End of Terror?

By Krishna Bhardwaj

In the night of May the 1st, President Obama announced that the head of al-Qaeda, Osama bin Laden, had been killed by a special US commando in his hiding place, a ‘safe house’ in Abbottabad, Pakistan, a city which is about 50 km from the Pakistani capital, Islamabad.

The body had then been flown out by the US personnel in charge of the mission from Pakistan in the night and later interred in the ocean. The mission was carried out from a base in Afghanistan, without the involvement of the military and political authorities of Pakistan.

It may be recalled that some ten years earlier, al-Qaeda had claimed having masterminded the destruction and killing of thousands of innocents on 11th September 2001 by using planes full of passengers to hit against the World Trade Centre Towers in New York and the Pentagon in Washington DC. Such inconsiderate killing in the name of religion and ideological differences against the West was met with global disapproval although the disapproval was not unanimous. Since then, the killing of innocent people in any place in the world in the name of ideological and religious differences has proliferated. This wave of killing came to be associated with terrorism.

The question has been asked whether the death of Osama bin Laden meant that terrorism would now fade out. Nothing is more uncertain. First, the practice of terrorism has spread out to different parts of the world and it has been espoused by several other groups not affiliated to al-Qaeda. One example is the group that indiscriminately killed nearly 200 innocent people in Mumbai on 26th November 2008, a killing which is attributed to Lashkar-e-Toiba, a Pakistani terror group. Such groups may be expected not to be deterred by bin Laden’s death. Second, within al-Qaeda itself, other leaders emerged even before the late killing of bin Laden, with the potential to carry on indiscriminate killing just the same. Third, the differences of ideology and religion which triggered the 9/11 attacks on America still exist and have a potential to unleash what has been referred to as a ‘war of civilisations’.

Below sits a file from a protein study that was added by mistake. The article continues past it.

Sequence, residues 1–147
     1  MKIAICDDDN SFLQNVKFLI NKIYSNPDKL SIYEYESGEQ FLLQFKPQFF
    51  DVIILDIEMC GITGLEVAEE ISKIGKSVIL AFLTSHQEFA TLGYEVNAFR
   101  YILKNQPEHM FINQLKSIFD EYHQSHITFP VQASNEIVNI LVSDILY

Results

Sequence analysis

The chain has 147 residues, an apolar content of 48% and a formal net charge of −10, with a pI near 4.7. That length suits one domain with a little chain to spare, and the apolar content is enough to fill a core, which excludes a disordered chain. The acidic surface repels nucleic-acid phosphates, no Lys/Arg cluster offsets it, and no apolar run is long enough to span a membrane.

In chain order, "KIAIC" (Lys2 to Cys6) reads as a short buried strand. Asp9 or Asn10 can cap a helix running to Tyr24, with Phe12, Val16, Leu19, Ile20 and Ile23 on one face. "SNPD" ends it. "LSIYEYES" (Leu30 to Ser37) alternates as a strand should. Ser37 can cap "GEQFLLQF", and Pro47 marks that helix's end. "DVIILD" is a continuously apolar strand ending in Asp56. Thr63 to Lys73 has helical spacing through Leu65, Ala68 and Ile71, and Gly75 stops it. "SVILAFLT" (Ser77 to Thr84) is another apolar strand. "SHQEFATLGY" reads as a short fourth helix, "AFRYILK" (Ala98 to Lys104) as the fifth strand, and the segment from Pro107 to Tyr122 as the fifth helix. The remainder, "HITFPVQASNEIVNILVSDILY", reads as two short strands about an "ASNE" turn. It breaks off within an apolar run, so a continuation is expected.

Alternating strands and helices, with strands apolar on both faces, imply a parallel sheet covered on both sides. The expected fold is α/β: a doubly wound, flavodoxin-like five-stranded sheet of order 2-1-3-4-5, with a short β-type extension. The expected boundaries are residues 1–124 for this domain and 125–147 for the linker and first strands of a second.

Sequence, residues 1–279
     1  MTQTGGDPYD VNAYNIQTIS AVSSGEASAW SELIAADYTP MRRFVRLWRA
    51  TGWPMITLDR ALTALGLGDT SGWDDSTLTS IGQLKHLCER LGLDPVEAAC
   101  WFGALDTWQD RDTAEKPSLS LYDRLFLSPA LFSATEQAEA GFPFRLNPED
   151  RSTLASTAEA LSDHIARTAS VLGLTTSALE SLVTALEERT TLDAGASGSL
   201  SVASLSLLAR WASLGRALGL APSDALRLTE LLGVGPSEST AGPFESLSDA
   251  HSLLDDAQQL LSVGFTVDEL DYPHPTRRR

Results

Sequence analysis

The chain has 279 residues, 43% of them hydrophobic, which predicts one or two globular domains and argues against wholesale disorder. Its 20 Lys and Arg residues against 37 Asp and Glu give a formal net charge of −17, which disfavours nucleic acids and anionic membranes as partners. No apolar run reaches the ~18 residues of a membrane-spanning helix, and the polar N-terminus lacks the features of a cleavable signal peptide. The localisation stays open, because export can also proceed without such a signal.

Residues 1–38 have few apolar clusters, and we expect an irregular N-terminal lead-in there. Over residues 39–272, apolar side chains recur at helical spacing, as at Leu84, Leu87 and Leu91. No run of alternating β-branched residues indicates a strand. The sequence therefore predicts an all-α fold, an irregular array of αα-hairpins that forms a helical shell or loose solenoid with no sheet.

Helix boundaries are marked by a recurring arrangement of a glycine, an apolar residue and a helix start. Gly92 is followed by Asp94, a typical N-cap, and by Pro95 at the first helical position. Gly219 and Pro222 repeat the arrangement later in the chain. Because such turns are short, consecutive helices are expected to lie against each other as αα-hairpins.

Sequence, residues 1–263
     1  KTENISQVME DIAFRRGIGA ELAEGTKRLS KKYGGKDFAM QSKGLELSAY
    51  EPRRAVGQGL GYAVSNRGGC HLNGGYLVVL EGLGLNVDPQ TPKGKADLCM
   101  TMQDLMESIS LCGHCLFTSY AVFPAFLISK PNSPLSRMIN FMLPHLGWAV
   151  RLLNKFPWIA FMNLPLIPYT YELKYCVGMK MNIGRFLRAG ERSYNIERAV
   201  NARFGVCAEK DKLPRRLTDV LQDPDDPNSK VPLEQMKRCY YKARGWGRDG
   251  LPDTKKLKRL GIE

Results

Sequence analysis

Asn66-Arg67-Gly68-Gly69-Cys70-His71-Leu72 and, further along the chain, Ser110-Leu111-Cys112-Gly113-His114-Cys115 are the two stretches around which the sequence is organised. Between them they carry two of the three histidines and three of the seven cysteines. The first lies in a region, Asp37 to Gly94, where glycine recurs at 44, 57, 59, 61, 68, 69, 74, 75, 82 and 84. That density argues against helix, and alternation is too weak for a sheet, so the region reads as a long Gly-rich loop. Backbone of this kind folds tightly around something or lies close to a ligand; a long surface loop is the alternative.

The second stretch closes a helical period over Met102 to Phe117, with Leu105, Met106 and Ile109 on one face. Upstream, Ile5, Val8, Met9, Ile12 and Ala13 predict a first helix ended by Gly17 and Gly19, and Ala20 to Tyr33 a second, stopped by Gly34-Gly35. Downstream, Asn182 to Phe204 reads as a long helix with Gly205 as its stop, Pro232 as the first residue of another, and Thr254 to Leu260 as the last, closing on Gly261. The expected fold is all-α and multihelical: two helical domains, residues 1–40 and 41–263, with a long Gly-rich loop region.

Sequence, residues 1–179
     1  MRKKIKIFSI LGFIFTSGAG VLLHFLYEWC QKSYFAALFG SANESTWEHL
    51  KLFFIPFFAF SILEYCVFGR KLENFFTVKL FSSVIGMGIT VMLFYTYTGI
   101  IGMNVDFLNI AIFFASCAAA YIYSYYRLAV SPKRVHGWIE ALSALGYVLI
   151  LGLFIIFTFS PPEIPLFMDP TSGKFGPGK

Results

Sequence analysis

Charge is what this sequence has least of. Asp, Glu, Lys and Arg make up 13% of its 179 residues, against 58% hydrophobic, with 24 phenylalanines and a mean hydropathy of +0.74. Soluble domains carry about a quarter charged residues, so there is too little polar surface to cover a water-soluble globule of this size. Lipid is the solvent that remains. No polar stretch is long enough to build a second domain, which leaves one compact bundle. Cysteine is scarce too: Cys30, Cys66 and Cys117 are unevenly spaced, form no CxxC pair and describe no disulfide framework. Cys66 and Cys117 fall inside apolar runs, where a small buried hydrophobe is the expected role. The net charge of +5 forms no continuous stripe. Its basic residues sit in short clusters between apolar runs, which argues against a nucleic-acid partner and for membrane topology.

The main hope that it may gradually cease to be accepted as a civilised way of dealing with differences is to be found in the manner of the recent uprisings against totalitarian regimes in the Middle East. Such uprisings are not grounded in religious doctrine. They are centred instead on seeking out freedom from the stranglehold of political power and destitution inflicted on the masses over several decades.

We are safe from this kind of amalgam between religion and terror in Mauritius. It is in our highest interest that such an amalgam be kept out of our collective decision-making and that we continue to value life and innocence by avoiding going into the destructive extremes that we see occasioned almost daily by the practitioners of terrorism in different parts of the world.

* Published in print edition on 7 May 2011

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